You see my heart as I sin against you. You see my filth, my defiance, you feel the whips and the shards of glass, the thorns crushed into your skull, the nails piercing through your hands and your feet, the agony as you struggle for breath, the cold darkness of isolation. Lord, you bear it all even as I doubt your love for me. Even as I blame you for my sin.
And you never change your mind.
You watch as I run from you and you chase after me, calling my name in the sweetest tone. And you never stop chasing me, no matter how far I run. No matter what choices I make, you keep loving me, you keep chasing me, you wait for my return, my surrender.
And when I finally turn back, you fold me into your arms and kiss my brow and not a harsh word is on your lips.
Lord, you are so kind. You are love. You are grace and mercy.
Last month (April 1-6), I had the privilege to serve as a Short Term Missionary (hereafter referred to as STM) at the Joni and Friends Family Retreat at Wonder Valley. Honestly, when I first agreed that I would do this, I wasn’t really giving it much thought…I just knew that I had the time, would probably be able to raise the funds, and could be of service to someone who needed it. I had heard about this camp before, having written about it for my church newsletter a while back, and I was interested in the things that they were doing there. So, I went into it thinking, “this could be a neat experience.” Let me tell you now, “neat” was a gross underestimation.
[I’ve broken this up into parts because that’s kind of how my brain works…]
Part 1: Leading up to camp
Let me start off by telling you a bit more about this camp, in case you are not familiar with it. Joni and Friends Family Retreats are week-long (roughly) camps for families who are affected by disability (whether it be physical, developmental, etc). Typically, it is one or more of the children in the family who have a disability, but the rest of the family is affected by this as well. Caring for these children is not an easy task and these families are on the job every single day. These retreats give these families the opportunity to have a vacation. Not only do they get time together as a family doing fun things that may or may not usually be accessible to them, but they also get some time to be around their own age groups, kids playing with other kids and adults spending time with other adults, and generally getting to be around people who can relate to them. One of the major ways that these retreats make all of these things possible is by assigning trained volunteers (STMs) to each family for the purpose of serving and aiding them throughout the week.
As the week of camp drew nearer and nearer, I started to think about what serving as an STM would require of me. I became a bit worried as I started to realize just how self-centered I am and how much I am used to taking care of my own wants and needs before considering others. This is a troubling thing to begin with, but it was even more disturbing to me as I knew that I was entering into a situation in which I would need a selfless, servant-hearted attitude in order to accomplish what I had signed up for. I did not want to be a poor representation of Christ to whomever I was assigned. I wanted to please the Lord by reflecting His character, and I knew that I would not be able to do so by my own strength and “will power.” Humility and servant-heartedness are things that do not come naturally to sinful mankind, but are only accomplished by the grace of God. And so, I prayed for God to change me, even if it were just for that week, into one who regards others as more important than myself (Phil. 2:3).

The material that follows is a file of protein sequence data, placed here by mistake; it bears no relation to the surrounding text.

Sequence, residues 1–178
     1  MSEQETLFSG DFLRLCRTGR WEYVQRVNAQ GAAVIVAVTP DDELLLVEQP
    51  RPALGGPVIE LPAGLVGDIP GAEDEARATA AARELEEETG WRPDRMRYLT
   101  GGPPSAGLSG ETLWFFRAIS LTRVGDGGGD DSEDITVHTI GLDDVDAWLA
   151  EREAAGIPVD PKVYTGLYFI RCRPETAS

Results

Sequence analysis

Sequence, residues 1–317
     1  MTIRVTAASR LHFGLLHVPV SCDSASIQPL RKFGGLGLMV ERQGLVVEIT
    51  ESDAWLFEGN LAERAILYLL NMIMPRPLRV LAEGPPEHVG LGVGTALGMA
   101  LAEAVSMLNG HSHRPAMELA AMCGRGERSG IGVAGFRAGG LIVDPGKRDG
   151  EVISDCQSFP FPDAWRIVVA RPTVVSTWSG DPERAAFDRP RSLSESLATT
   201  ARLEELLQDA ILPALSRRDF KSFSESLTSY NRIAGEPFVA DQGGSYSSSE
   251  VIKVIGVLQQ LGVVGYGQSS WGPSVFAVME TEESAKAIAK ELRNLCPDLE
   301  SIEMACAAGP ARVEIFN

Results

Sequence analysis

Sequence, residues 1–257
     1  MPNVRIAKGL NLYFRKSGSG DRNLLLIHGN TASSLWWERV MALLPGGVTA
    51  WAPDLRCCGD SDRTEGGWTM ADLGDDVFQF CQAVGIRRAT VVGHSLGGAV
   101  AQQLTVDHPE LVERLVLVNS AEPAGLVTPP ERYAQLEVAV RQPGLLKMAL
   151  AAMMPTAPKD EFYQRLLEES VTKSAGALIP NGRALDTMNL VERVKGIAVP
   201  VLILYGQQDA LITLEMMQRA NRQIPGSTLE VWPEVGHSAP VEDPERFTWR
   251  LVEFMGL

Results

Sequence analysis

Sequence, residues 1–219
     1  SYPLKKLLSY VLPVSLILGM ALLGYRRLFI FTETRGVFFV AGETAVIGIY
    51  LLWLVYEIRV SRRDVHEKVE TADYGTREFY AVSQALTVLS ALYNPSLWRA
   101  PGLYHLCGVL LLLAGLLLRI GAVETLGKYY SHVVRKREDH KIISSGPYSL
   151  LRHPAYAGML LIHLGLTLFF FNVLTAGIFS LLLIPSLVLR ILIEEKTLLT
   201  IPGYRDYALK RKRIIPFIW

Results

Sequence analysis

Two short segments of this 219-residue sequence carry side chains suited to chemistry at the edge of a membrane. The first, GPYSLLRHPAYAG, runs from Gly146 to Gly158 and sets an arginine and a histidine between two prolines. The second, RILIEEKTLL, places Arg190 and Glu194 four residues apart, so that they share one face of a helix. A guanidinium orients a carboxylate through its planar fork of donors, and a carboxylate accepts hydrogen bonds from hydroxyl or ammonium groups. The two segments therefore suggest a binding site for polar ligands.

Part 2: Training and Preparations
Arriving at camp, the STM’s had about a day and a half of training to get through before the families arrived. We bonded together, learning about various disabilities and how to deal with different things that we might encounter and so on and so forth. Something that really meant a lot to me and remained with me throughout the week, and indeed, after that week, was that in order to serve in such a way that would display the love of Christ, we must constantly come to Him in prayer and depend completely on the grace of God.
All throughout the first day (the day before the families arrived), I was nervous, not knowing which family I would be assigned to. I kept thinking that once I knew who my camper was and what disability my camper had, then I would know, more or less, what I was going to be dealing with and could start preparing my mind and praying more specifically about my assigned family. That night, when we got our assignments, I learned that I would be caring for a 4 year-old boy who had autism. My first thought was, “now I still don’t know what I’m dealing with.” As you may or may not know, autism sort of ranges from mild to severe and the affects of it vary from person to person. So, all I could really count on was that I would have to adapt and learn as I went. And so, I began praying even harder for the week to go smoothly and for my assigned family to be able to relax, enjoy themselves, and really experience the love of Christ. It was nice to finally be able to pray for them by name.
Part 3: Meeting my Camper/family and getting started